I love the formula which Jeff Bezos uses to define where he’d like to focus his philanthropic efforts: “at the intersection of urgent need and lasting impact”. His note arrives as Robert Frank, in the NYT, asks some pointed questions about Bezos’s philanthropy, and the fact that Bezos is by far the richest American not to sign the Giving Pledge.

Bezos says that he wants to be “helping people in the here and now,” which is a surprisingly rare focus for mega-scale philanthropy. Most billionaires tend to the opposite end of the charity-philanthropy spectrum, embracing ultra-long time horizons with an aim of having impact for many centuries to come. Philanthropically-funded scientific research, for instance, gave us both Norman Borlaug’s green revolution and the Pill, with almost unquantifiably enormous positive consequences in both cases. Similarly, a lot of billionaires have a tendency to fund foundations, hospitals, universities, libraries, and other quasi-permanent institutions; again, the idea is that the gift will keep on giving for decades or even centuries to come.

I’m not a huge fan of this kind of thinking. I believe that philanthropy should be front-loaded, since the clear secular trend in philanthropy is that more and more rich people are giving more and more money every year. The future is going to enjoy a massive quantity of philanthropic resources, even if we’ve already spent down all the gifts currently in existence. And on top of that, the world in general is becoming richer and healthier, which means that today’s neediest are, to a first approximation, the neediest that the world will ever see. Let’s focus on them.


The next question, of course, is how to do that. The main reason given by the very rich to move away from the charity end of the charity-philanthropy spectrum is that it doesn’t make a lasting difference. Give a man a fish and he’ll eat for a day, but he’ll still be hungry tomorrow.

Still, it’s easy to overstate this phenomenon. Give Directly and other researchers in the world of unconditional cash transfers have found that simply giving poor people a lump sum can have astonishing lasting effects: it doesn’t just disappear into short-term consumption or waste. And if you save lives, cure the sick, and house the homeless today, those people will become much more productive members of society tomorrow, improving not only their own lives but those of many people around them.

To put it another way: Every time a foundation is set up in such a manner as to retain 95% of its cash for future expenditures, spending only a bare minimum of 5% each year, the opportunity cost of that 95% is enormous, and almost certainly far greater than any reasonably foreseeable investment return it might generate.


So I have no problem at all with the fact that Bezos has not set up a personal foundation. I also have no problem with him keeping the Washington Post as a for-profit company, although presumably he could turn it into a non-profit trust any time he wanted. I do consider the Washington Post to be a philanthropic endeavor, either way: to use Bezos’s own formula, it meets an urgent need and it is having a lasting impact.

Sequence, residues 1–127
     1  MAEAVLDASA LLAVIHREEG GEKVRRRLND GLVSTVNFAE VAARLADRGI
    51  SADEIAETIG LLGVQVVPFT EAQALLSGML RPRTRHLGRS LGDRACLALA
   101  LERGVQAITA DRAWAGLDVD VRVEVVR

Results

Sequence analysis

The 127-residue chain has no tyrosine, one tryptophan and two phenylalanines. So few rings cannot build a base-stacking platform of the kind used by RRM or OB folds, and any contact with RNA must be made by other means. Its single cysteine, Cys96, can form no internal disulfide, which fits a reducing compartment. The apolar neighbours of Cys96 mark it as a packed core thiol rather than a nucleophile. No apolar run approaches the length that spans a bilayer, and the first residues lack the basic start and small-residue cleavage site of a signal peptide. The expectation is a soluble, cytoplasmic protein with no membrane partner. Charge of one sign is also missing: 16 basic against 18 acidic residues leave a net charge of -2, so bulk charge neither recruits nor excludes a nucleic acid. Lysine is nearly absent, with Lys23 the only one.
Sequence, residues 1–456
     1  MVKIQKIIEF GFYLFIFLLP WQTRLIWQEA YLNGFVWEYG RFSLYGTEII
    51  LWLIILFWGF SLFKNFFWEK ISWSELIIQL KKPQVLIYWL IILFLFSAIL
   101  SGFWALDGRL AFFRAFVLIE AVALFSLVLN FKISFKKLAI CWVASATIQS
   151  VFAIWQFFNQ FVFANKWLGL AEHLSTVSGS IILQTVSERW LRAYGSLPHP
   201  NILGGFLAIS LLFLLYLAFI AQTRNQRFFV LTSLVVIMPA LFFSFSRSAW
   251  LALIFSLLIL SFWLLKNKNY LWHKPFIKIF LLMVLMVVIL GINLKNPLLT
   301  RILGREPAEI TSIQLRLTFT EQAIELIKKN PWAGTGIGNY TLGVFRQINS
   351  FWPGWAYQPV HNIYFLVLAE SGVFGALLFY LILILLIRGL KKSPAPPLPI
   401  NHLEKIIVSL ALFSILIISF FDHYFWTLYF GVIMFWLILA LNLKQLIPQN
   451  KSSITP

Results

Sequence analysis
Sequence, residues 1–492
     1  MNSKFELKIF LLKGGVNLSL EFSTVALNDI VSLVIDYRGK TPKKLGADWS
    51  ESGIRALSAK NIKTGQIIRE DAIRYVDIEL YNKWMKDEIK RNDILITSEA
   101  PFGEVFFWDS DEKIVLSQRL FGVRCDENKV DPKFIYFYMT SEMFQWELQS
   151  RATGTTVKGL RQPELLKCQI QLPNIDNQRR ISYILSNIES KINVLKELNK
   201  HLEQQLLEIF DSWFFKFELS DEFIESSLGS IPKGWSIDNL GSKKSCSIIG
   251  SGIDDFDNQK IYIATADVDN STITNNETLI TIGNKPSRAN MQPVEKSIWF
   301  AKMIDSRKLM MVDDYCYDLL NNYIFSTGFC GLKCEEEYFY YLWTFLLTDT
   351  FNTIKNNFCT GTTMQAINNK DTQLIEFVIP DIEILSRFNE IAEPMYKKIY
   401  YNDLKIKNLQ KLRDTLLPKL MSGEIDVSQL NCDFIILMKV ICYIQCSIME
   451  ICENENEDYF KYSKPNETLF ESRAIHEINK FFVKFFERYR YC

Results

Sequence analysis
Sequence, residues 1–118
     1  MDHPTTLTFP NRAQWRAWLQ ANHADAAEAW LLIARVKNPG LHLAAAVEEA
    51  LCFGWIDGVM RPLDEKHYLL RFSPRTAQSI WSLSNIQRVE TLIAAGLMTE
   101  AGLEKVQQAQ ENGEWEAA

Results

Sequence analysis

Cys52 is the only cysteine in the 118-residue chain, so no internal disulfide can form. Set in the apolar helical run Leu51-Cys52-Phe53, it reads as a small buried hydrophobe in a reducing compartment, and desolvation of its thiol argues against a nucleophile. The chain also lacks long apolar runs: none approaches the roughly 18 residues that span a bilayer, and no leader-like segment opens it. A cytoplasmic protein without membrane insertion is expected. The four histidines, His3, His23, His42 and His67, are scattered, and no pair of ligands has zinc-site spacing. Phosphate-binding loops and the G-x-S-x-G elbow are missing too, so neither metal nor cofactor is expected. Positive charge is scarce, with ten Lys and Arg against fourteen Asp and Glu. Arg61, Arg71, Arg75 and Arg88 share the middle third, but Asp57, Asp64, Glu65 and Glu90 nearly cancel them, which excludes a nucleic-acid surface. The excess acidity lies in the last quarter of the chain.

Bezos is in the fortunate position of having most of his wealth in the form of a liquid minority stake in a large public company. That means he can give away his money quite easily, without having to worry about how to sell his stock or what would happen to his control of Amazon. (Bezos has absolute control of Amazon by dint of being the visionary founder; he is utterly secure in his roles of chairman and CEO, no matter how much he reduces his stake in the company.)

My advice to Bezos, then, would be to say that the answer is pretty much staring him in the face: Sell your shares in Amazon, and give the cash to poor people. How many shares you sell, and which poor people you give the cash to, is ultimately a personal decision. Do you front-load your giving by selling most of your shares today? Or do you place your faith in an ever-rising share price which will maximize your giving if you hold on to the shares for many years to come? And in terms of which of the world’s neediest you target, will you begin at home, in Seattle? Or will you go somewhere like Kenya, where the objective need is greatest? Those are decisions only Bezos can make.


Bezos does not need to set up any kind of charitable foundation to do this; nor does he need to sign the Giving Pledge if he doesn’t want to. In terms of intermediaries, there are any number of non-profit institutions who would be happy to take care of the logistics of transferring the cash efficiently and effectively to the poor. The results would be enormous, and Bezos could even spend a bit of extra money trying to measure them, if he were so inclined. But the fact is that the intersection of urgent need and lasting impact is not hard to find. You just need to believe in the transformative potential of money. And that’s not very hard to believe in at all.